The pandemic has re-shaped how we do business and rapidly made “business as usual” a phrase from the past. For years, we have been hearing and talking about the impending “VUCA” (volatility, uncertainty, complexity and ambiguity) world. This has not just impacted the world but has affected organisational priorities and purpose. Companies are doubling down on their purpose, at the very time stakeholders need it the most. Customer needs are changing and thereby shunning the products of companies whose values they view as contrary to their own. Majority of employees feel “disengaged” and are looking for companies that have a clear, unequivocal, and positive impact on the world. For many employees, the key motivator is a sense of purpose. What then is purpose? It generally means the reason for which something is done or created, the reason for its existence. In the world of work and for organisations, purpose is our usefulness and our contribution – the reason why what we are doing exists in the world.
Purpose is therefore critical for business sustainability and directly linked to people. People exist to drive the purpose of an organisation. When people can clearly see how their work contributes to others, they become better. When purpose is embedded into an organisation’s culture, it constantly reorients people to focus on contribution. With the rise of the pandemic, to give employees purpose, more organisations have resulted on total output as compared to having to work for a number of hours. Concentration has been shifted to a platform that will give employees work-life balance which has been a concern for more employees over the years. Furthermore, having a purpose alone is not enough as a motivator, leaders must create a culture that promotes purposefulness.
Interventions such as flexi-working, working from home, and working remotely have all become a norm for most organisations in providing work-life balance for their people. This has promoted goodwill and innovation. For instance, documents can be sent and approved electronically as compared to previously where managers would want to see the document before approving. Interestingly, employees and managers are discovering that prioritising outputs rather than inputs does not mean less is achieved. Employees are also juggling their work with their families and discovering the need to work on their organisational skills.
Most companies have witnessed a decline in their internal customer base with hundreds of employees walking out. Digital platforms and advanced analytics have become a powerful tool in addressing the challenges faced by these organisations. What is needed is a deep reflection on corporate identity, asking and answering the question on “how do you embrace the challenging trade-offs”, and uncomfortable truths. These truths if unaddressed are likely to perpetuate the purpose gaps and give rise to a rhetoric that is not accompanied by a credible action.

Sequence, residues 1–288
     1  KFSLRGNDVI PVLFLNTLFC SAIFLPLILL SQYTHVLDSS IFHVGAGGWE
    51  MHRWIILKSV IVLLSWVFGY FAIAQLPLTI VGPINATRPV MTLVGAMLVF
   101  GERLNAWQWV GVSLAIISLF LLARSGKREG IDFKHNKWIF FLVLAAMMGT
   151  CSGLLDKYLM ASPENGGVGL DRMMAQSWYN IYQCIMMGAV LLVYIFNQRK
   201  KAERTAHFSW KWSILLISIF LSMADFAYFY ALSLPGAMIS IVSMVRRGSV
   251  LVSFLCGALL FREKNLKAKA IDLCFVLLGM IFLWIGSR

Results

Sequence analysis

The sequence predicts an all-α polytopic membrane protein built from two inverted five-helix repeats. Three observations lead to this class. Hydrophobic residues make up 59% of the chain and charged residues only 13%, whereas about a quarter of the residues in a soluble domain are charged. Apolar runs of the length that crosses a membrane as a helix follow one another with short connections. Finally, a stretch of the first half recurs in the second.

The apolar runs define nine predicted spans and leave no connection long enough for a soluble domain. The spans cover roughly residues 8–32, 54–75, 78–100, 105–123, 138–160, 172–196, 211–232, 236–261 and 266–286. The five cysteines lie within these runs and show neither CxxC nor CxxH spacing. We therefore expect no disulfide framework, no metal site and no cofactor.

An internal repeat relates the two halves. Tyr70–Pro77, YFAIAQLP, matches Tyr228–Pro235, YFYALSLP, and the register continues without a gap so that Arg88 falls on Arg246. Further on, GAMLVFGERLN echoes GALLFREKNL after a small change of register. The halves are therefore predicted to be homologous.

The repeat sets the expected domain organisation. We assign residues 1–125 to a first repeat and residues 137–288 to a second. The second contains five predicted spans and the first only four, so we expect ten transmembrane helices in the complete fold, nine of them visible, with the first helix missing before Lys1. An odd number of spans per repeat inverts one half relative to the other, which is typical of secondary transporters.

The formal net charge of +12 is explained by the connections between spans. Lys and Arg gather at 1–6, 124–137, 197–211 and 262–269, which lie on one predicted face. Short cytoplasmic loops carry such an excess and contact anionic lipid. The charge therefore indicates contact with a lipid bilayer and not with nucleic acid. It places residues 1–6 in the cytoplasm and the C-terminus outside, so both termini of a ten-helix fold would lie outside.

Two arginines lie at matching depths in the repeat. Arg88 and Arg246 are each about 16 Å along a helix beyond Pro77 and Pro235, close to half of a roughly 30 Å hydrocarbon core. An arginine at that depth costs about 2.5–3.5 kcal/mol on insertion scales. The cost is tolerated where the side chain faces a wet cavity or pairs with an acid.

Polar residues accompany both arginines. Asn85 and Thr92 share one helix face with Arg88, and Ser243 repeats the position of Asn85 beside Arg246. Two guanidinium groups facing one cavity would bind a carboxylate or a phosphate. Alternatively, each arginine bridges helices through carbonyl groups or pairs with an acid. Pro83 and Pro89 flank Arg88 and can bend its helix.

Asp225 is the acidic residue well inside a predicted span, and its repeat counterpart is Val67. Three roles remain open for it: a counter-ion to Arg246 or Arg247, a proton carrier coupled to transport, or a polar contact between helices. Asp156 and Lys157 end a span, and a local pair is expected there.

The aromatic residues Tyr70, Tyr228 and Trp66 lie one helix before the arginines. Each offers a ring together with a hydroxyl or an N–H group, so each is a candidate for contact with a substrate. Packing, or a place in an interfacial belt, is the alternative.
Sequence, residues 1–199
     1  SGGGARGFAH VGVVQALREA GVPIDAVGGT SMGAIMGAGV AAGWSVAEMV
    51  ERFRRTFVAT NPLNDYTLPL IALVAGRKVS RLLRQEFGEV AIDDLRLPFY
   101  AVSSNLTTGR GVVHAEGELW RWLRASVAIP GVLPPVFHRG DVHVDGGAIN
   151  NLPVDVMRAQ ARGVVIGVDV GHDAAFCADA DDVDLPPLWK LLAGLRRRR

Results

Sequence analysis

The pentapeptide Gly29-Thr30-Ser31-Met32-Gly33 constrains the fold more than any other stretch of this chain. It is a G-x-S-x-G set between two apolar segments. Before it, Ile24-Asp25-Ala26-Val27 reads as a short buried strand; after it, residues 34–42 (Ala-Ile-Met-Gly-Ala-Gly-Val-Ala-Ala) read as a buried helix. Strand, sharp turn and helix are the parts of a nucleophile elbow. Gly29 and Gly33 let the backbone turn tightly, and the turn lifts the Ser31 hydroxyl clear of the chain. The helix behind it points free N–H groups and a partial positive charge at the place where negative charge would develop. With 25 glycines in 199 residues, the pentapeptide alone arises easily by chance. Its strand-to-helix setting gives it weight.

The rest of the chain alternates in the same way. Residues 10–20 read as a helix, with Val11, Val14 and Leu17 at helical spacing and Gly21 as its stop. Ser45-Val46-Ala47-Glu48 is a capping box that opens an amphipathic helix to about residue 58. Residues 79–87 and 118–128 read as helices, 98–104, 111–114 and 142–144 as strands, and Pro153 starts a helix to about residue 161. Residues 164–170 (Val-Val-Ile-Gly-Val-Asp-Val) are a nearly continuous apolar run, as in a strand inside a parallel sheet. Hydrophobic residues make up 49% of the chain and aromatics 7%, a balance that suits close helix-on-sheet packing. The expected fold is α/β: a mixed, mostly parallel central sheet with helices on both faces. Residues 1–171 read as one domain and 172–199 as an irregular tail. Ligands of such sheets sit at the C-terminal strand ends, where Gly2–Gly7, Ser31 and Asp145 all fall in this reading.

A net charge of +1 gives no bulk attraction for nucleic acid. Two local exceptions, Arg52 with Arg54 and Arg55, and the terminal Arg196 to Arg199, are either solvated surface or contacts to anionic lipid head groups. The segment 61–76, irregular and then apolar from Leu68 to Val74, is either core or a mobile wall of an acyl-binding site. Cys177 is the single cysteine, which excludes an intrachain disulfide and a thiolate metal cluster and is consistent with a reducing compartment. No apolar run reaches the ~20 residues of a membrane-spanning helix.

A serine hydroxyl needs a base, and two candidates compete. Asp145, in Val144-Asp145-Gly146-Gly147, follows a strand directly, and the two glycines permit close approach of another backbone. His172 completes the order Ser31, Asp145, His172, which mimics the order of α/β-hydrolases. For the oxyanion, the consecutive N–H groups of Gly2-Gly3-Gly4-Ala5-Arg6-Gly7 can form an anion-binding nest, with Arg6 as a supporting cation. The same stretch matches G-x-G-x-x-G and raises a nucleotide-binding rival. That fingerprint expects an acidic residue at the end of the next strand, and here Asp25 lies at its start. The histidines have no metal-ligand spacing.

‘‘closing the gap between an inspiring idea of purpose and its transformative practice to drive employee engagement, motivation, and fulfilment has become the most important task of modern organisational leaders” “Organisations have a mandate to no longer exist solely to make profit but to be human centered first.’’
Despite all this, the potential is extraordinary for businesses to serve as a force for good. Corporate social responsibility (CSR) initiatives remain a powerful pedal. Most organisations are going above and beyond their CSR to give back to their society. In Absa, for instance, in the last year, our “force for good” space recorded many successes such as reaching out to over 35,000 students and youth on our ReadyToWork programme through both face to face and online media nationwide giving us 200% of what was targeted. Over 100 scholarships were awarded to students in the tertiary institutions, over 3000 start-up businesses and existing entrepreneurs were upskilled with business development support. 2000 Consumers received financial literacy training to mention a few. Contributing to society and creating meaningful work are top priorities for many employees. The opportunity for organisations to make indelible mark with human support, empathy, and purpose has become greater than it has ever been. Organisations are finding the need to measure their social and environmental impact, starting with a review of their supply-chain and supplier risks as the society now holds companies responsible for their entire business chain, beyond the corporate walls, including what their suppliers do. Senior leaders are now required to personally get involved with supplier issues.
The role of the leadership has shifted from just delegating and cruising in their office to inspiring creative thinking about what will make their team/organisation unique and linking that to their purpose. Helping and having a positive impact on the society has also become a key to sustained growth.
In conclusion, closing the gap between an inspiring idea of purpose and its transformative practice to drive employee engagement, motivation, and fulfilment has become the most important task of modern organisational leaders. People want to work in an environment that will give them significance and a sense of purpose. Customers/consumers also want to do business with organisations that have a clear purpose and significance that speaks to their needs. The list keeps going on to cover suppliers, shareholders, leaders, managers, the board of directors, and all other stakeholders. Organisations have a mandate to no longer exist solely to make profit but to be human centered first.
By: Sylvia Mbama